Three Illinois municipalities voted this month to repeal unconstitutional panhandling ordinances, responding to a warning letter sent by attorneys from the Law Project at the Chicago Coalition for the Homeless, ACLU of Illinois, and the National Law Center on Homelessness and Poverty.
Including Chicago, 12 Illinois municipalities have repealed panhandling ordinances after receiving warning letters within the past year.
More than 75 municipalities across the U.S. have repealed after being advised by advocates working with the national Housing Not Handcuffs campaign.
Two southern Illinois cities, Carbondale and Glen Carbon, repealed panhandling ordinances in city council votes on August 27, city officials reported. North suburban Woodstock repealed its ordinance in an August 6 vote.
“Carbondale is the (12th) city in Illinois to have repealed its panhandling ordinance in the past year. The U.S. Constitution guarantees that everyone has the right to ask for help, and these ordinances violated that mandate,” CCH Community Lawyer Diane O’Connell told The Southern Illinoisan, following Carbondale’s vote.
Fifteen municipalities were sent letters in August 2018. Nine later dropped their ordinances: Aurora, Champaign, Chicago, Decatur, Elgin, Moline, Oak Park, Peoria, and Urbana. Two more, East St. Louis and Rockford, reported placing moratoriums on their ordinance, but have not yet reported repeals.
In a second round of letters sent July 18, eight municipalities were warned. This series of letters included new warnings to O’Fallon and Glen Carbon, and follow-ups to six cities that failed to act, or in Woodstock’s case, failed to adequately amend its ordinance.
Advocates are awaiting action by Cicero, Danville, Joliet, and Rockford.
“Panhandling laws unfairly criminalize people experiencing homelessness for exercising their First Amendment rights. Every person has the right to ask for help. These communities need to comply with the Constitution,” said Ms. O’Connell.
Panhandling cases for CCH are co-counseled with Staff Attorney Arturo Hernandez. This includes a federal lawsuit filed in August on behalf of two men repeatedly ticketed for panhandling in suburban Downers Grove.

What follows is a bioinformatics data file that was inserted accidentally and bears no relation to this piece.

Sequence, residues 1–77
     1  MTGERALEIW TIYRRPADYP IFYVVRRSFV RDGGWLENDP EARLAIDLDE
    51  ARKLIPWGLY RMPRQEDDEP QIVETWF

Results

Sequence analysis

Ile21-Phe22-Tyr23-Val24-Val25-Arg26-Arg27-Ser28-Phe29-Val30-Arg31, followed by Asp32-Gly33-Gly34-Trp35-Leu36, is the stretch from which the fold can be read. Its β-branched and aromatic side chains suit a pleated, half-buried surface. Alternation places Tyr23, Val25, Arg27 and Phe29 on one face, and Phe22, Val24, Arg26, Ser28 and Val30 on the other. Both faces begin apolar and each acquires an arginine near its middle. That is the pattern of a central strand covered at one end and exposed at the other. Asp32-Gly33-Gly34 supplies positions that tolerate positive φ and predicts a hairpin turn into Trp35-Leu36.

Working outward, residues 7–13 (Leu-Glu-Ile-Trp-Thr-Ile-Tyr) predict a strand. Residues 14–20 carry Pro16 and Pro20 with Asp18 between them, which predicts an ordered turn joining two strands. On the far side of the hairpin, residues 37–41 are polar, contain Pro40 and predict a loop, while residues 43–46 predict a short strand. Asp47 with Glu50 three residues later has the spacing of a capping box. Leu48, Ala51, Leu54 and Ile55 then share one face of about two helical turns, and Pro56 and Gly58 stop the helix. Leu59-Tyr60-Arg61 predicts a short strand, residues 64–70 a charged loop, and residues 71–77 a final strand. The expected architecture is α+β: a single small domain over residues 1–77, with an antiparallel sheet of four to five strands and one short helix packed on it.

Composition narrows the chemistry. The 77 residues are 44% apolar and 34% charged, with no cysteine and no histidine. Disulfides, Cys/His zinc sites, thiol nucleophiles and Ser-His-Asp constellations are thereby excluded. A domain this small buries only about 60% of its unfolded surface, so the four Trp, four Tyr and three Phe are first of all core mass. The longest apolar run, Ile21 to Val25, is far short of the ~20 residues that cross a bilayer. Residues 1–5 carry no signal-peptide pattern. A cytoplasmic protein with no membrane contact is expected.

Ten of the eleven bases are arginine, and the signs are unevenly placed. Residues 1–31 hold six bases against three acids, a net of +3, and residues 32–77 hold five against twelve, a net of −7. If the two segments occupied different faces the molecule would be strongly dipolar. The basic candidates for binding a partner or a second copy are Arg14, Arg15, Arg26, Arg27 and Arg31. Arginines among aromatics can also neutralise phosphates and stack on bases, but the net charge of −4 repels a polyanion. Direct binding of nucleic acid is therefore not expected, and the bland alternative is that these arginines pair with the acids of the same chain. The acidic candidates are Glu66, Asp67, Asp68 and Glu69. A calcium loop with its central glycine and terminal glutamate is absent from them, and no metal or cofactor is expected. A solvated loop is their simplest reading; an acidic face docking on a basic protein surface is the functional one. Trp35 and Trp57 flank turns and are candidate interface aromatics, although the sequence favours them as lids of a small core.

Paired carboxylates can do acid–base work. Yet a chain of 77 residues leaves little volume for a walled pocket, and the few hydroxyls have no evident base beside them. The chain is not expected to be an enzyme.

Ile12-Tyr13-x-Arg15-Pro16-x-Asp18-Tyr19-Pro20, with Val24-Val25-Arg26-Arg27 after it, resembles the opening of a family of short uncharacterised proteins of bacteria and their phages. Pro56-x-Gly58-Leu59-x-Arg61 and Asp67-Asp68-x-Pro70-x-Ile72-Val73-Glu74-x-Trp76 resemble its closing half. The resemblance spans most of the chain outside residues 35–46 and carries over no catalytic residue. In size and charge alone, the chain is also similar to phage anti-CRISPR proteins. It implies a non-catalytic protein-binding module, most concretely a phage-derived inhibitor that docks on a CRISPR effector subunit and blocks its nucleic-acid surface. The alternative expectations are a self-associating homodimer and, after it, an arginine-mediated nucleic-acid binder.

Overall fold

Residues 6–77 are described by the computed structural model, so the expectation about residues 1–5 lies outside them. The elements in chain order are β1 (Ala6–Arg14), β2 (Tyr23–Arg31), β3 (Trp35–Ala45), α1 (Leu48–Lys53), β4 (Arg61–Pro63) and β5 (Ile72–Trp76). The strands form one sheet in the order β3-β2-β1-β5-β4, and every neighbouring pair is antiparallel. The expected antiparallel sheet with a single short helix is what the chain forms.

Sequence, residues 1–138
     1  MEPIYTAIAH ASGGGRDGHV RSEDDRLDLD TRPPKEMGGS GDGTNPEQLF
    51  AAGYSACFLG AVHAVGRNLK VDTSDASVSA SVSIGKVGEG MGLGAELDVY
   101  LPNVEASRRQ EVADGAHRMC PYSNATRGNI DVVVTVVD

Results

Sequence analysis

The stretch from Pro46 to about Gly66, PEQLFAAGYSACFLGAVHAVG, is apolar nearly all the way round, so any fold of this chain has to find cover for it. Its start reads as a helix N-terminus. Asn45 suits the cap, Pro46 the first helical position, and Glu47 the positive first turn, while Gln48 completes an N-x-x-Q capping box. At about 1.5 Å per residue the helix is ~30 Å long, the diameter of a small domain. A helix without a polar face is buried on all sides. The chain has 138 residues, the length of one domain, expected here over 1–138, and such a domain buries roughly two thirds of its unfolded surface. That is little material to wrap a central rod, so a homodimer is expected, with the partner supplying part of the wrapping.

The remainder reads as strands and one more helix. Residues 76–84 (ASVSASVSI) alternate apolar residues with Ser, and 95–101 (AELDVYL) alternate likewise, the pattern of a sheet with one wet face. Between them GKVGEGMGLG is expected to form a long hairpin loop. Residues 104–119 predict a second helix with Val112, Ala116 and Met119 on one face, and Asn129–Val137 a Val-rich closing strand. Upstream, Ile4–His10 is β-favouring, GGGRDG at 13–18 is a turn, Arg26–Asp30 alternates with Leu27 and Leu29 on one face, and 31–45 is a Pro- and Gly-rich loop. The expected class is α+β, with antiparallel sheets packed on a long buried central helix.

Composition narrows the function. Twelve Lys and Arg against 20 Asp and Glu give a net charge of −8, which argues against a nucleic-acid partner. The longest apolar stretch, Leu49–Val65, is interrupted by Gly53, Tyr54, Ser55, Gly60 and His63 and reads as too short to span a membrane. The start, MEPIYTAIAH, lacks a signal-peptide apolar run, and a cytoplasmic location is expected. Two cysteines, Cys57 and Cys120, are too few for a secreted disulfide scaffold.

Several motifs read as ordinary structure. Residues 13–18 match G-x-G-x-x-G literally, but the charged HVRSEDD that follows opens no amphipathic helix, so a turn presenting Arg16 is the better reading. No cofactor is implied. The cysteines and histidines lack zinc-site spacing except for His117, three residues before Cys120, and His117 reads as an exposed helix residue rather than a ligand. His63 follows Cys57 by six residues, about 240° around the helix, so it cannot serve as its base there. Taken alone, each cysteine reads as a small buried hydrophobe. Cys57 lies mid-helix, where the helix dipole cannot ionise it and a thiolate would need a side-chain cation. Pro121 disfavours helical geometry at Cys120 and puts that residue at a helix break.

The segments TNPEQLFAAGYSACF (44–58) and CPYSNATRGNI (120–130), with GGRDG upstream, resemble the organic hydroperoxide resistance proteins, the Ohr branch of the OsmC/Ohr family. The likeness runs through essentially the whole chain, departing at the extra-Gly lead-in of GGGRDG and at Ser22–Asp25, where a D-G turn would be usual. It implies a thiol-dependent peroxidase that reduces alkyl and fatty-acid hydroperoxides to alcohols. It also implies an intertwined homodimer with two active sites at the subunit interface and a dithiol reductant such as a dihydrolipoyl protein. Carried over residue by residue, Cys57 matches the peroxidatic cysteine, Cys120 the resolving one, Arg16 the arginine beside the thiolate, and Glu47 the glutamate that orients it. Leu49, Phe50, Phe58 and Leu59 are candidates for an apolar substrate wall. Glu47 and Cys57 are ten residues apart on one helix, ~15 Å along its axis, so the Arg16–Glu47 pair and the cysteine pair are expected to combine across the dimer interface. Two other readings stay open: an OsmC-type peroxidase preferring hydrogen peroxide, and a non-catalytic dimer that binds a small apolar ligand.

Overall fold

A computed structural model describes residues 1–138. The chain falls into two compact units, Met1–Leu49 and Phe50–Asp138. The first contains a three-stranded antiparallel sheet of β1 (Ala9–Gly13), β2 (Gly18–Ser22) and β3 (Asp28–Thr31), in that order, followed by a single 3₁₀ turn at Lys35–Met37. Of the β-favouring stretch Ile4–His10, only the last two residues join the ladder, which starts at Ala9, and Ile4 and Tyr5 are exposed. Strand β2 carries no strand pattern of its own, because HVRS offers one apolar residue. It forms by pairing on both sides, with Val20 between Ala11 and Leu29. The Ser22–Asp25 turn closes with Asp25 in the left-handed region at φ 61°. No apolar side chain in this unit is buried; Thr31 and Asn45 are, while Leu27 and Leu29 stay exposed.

A 2015 U.S. Supreme Court ruling made it clearer than ever that most laws targeting panhandlers are unconstitutional. Although the case (Reed v. Town of Gilbert) was not about panhandling, the court clarified that any regulation of speech based on subject matter or purpose are unconstitutional unless the government can prove to a very high standard they are necessary. Since then, judges have consistently struck down panhandling ordinances across the country, and many other cities have repealed their laws.
“The leaders of these communities cannot ignore our Constitution,” said Amy Meek, senior staff attorney at the ACLU. “They have been put on notice that they need to repeal these ordinances. It has been four years since the Supreme Court ruled that governments must not regulate speech on the basis of its subject matter or purpose, but these ordinances are still on the books and still enforced. It is time to act.”
Many of the bans are long-standing ordinances that were not updated to address changes in Supreme Court jurisprudence. The letters cite creative approaches to reducing panhandling, like an effort in Philadelphia that established a day shelter in an unused transportation station in the city’s downtown. The ACLU and CCH argue that such approaches are more appropriate than barring individuals from panhandling.
– Anne Bowhay, Media
The Southern Illinoisan: Carbondale City Council votes to eliminate panhandling prohibition
The Herald-News: ACLU again urges repeal of Joliet panhandler law
The Southern Illinoisan: ACLU sends second letter to Carbondale raising concerns over panhandling ordinance